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Bhopal

Deccan Herald, Bangalore (India), op-ed column, December 1, 2006

Beware of Bhopals

I looked for but could not locate any detailed news report in India, on an explosion that occurred in a chemical plant on September 26 near Baytown in Texas, USA but have some information sent to me by some activists. The explosion at the Bayer plant`s toluene di-isocyanate unit (a chemical used in foam applications) injured 22 persons who had to be treated for eye irritation, and skin and respiratory problems, while one man with burns was taken by ambulance to Houston.

Do the phrases “explosion in a chemical plant”, “isocyanate” and “respiratory problems caused by toxic chemicals” ring a bell? Especially at this time of the year when yet another anniversary comes round, of the infamous 1984 Bhopal accident (the world’s worst industrial disaster in history )? Twenty two years on, a whole new generation of children born to the victims has grown to adulthood, and the world has moved on, pushing Bhopal to the periphery of the nation’s --and the world’s -- consciousness. What is scary, however, is that activists’ warning that “Many more Bhopals are waiting to happen” and that “ little has changed” (despite the massive loss of lives in that accident) are not receiving the attention they deserve, from the public and from those whose job and duty it is to protect us all from similar dangers.

My point is not to reiterate the details, but to point to another aspect of the differences between what happens in a “developed” country and what transpires in a “developing” nation (like ours) when such an accident happens. Compare the sequences of events at the Bayer plant, with what happened in Bhopal -- emergency responses were immediately activated at the former, the emergency brigade was on the job, decontamination for exposure to toxic fumes was carried out immediately, and the release of irritant ammonia (that makes eyes burn) was mitigated “within ten minutes” of the accident. At Bhopal, for hours, no one, certainly none of the thousands who were left gasping for breath, had a clue about what was happening or what to do. The Baytown plant had “all the resources necessary” to activate immediate relief responses. Bhopal had none. The US Occupational Health and Safety Administration (OSHA) was immediately informed, and the company lost no time in assembling an international team of experts to investigate the accident. The Bhopal case dragged on for two interminable decades, even as the victim-survivors suffered long-term ill-effects (still births, reproductive problems, permanent disabilities – one of my abiding memories is of a meeting in 1998 with a sardarji who is a resident of Bhopal and has to take pills lifelong, to control nasty physical symptoms caused by the fumes).Even the hospital set up to treat the victims got into controversy and not one of those affected by the accident could claim the same speed in receiving medical attention as at the Texas plant. Even though the numbers affected by the mishap in Texas were less than one per cent of those affected at Bhopal.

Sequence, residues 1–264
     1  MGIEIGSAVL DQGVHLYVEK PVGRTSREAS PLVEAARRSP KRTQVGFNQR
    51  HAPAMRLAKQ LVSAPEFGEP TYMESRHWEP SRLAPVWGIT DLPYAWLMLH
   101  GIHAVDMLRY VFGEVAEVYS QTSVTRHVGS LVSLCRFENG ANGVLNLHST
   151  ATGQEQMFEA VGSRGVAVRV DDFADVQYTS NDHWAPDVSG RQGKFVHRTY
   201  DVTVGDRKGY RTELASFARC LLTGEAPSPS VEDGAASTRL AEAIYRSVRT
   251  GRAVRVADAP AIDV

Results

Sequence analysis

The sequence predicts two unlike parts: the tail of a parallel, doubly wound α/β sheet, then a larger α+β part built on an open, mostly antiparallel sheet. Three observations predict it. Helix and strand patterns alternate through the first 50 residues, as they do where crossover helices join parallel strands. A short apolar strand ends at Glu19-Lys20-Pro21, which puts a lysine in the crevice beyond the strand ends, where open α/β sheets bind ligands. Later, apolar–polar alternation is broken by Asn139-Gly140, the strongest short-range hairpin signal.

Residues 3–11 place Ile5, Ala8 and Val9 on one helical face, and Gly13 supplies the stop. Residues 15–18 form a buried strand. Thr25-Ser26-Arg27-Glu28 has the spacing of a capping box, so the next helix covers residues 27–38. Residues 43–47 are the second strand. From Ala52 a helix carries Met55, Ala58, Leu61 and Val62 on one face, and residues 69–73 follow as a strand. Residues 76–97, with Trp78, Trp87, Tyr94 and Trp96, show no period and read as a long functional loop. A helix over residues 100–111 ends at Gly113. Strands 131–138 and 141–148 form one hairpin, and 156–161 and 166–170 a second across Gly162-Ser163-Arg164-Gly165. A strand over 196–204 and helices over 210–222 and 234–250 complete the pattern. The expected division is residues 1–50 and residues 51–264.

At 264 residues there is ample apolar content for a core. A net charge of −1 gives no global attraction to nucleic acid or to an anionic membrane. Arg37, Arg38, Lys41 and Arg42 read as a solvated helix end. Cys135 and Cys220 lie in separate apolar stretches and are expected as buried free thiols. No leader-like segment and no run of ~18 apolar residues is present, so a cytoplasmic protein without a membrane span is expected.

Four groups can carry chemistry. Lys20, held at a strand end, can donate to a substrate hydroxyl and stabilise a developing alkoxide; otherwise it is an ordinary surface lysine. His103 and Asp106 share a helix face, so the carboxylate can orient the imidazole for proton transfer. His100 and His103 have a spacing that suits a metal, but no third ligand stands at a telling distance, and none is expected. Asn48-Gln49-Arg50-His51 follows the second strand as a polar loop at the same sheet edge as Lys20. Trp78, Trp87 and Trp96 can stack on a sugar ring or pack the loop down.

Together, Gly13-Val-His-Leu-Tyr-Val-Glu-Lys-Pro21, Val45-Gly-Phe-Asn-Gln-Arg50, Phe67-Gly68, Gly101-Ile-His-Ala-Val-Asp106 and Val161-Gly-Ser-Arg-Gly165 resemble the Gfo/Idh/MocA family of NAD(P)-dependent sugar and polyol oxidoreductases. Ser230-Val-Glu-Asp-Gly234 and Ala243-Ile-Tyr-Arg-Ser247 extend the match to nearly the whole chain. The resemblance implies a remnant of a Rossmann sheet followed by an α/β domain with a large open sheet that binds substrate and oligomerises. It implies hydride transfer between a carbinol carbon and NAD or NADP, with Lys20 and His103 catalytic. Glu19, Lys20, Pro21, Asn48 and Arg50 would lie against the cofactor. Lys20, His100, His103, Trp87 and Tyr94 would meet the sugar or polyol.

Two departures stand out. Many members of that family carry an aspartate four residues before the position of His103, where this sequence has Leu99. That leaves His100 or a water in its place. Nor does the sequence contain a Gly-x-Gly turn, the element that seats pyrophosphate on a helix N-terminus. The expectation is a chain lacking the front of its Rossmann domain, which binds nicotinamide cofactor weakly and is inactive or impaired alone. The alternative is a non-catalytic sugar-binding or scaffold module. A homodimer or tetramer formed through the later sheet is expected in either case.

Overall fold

In June 2005, one contract employee at Bayer died due to exposure to corrosive chemicals caused by pressure build up in a valve (as in Bhopal). Bayer was slapped with a fine of $ 5,000. How many died at Bhopal, and how much compensation was finally decided upon?

These details come from a coalition monitoring multinational misdeeds. Supporting the coalition are eminent persons like members of the German Bundestag, attorneys, pharmacologists, biologists and pediatricians. Whether it is because safety legislation is lax (or their enforcement lackadaisical) in countries like India , or because of a haughty perception among the multinational behemoths that life is cheap in the developing countries (and they can get away with murder, literally) the end result is that victims get a far better deal overseas.

The Centre for Communication and Development Studies at Delhi put together a dossier titled “Agenda” on industrial pollution, to mark the 20th anniversary of the Bhopal accident, in which one finds a whole lot of case studies of lethal dangers that industries pose, to citizens, in different parts of India.. Activist-film makers like K.P.Sasi of Bangalore and Saratchandran of Kerala have produced documentaries giving graphic descriptions of the disasters-in-the-making sprouting around us in the name of development, but we as citizens are largely apathetic to these dangers-lying-in-wait around us – till something like Bhopal happens and we feel the effects in our personal lives or families. Certainly, it was the threat of public outrage that caused the quick action in the Bayer accident in Texas. Perhaps we citizens have ourselves to blame for not exercising the same level of public vigilance in our country, not bothering to keep abreast of lurking dangers (which has become essential as industrialisations’ sophistication increases) and not supporting activists in sufficient numbers when they raise warning signals.

Sakuntala Narasimhan
Bangalore